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Old 15 August 2019, 13:08   #4
Daedalus
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Join Date: Jun 2009
Location: Dublin, then Glasgow
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The 2000 has a fuse to protect the ports, so you shouldn't do any more damage than blowing the fuse, though it's soldered in place so repair needs to be done by someone who can solder. On the 500 and later Amigas, there's a 4.7 ohm resistor on the 5V supply to the ports that limits current. While you can draw a fairly hefty current that could burn out the resistor after a short time, the useful voltage will drop as current increases, so you're more likely to simply not have a functioning controller. For example, at 100mA, the actual voltage available will drop to around 4.5V, which will start to cause problems for many TTL-based circuits. So, a few hundred mA might be perfectly fine for driving LEDs or something, but won't be much good for a device that needs 5V. 50mA should be safe for sensitive parts, probably dropping to around 4.7-4.8V, so it should be no problem for what you're thinking.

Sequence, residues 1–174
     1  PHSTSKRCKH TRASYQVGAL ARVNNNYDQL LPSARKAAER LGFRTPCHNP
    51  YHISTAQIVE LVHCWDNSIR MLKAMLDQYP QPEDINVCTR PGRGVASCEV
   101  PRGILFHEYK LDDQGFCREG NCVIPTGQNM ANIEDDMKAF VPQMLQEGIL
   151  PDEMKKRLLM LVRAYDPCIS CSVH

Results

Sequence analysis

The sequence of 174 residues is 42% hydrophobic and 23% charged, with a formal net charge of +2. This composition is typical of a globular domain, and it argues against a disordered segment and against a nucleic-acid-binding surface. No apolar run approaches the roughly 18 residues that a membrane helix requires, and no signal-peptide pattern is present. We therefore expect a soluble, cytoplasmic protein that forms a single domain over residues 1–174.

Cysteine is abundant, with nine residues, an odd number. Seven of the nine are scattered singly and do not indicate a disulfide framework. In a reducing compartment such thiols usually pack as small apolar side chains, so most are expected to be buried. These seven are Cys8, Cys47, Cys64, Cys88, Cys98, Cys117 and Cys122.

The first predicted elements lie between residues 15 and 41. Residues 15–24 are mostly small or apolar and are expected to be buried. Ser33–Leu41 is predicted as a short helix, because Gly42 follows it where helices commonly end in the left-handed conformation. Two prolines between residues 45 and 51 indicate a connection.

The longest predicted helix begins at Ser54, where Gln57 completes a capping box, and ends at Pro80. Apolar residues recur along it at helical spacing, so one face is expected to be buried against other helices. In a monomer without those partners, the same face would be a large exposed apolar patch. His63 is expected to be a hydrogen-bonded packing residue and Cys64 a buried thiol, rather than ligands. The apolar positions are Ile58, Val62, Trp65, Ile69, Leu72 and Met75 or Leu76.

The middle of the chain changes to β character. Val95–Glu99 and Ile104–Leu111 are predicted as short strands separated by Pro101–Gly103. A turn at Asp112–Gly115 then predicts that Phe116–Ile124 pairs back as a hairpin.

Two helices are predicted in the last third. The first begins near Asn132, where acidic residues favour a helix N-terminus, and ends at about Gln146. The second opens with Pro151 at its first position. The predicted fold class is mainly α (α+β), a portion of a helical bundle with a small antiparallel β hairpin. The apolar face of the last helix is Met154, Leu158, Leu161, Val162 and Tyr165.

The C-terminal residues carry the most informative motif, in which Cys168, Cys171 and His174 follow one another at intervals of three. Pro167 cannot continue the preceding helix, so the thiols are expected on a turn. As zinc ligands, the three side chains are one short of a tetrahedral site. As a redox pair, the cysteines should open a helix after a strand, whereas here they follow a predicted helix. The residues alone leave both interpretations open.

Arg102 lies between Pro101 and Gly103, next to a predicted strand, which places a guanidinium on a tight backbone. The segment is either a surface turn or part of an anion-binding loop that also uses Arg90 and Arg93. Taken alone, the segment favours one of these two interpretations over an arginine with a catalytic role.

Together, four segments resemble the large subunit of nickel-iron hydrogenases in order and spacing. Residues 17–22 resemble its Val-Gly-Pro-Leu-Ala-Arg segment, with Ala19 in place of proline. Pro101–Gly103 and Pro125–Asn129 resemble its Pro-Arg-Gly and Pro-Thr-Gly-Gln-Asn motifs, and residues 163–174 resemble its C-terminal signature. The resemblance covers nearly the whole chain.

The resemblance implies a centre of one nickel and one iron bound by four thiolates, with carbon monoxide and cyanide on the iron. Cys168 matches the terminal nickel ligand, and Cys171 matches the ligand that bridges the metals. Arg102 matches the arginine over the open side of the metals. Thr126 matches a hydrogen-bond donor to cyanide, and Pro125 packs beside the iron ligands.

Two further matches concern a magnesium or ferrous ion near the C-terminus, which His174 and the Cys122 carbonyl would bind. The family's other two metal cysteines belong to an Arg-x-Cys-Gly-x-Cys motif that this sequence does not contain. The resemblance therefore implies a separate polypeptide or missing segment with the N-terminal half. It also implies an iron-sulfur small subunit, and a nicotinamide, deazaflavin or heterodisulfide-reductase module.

Edit: Also, the 2000's fuse supplies both ports, but the models with a 4.7 ohm resistor have one on each port, so loading on one doesn't affect the other.
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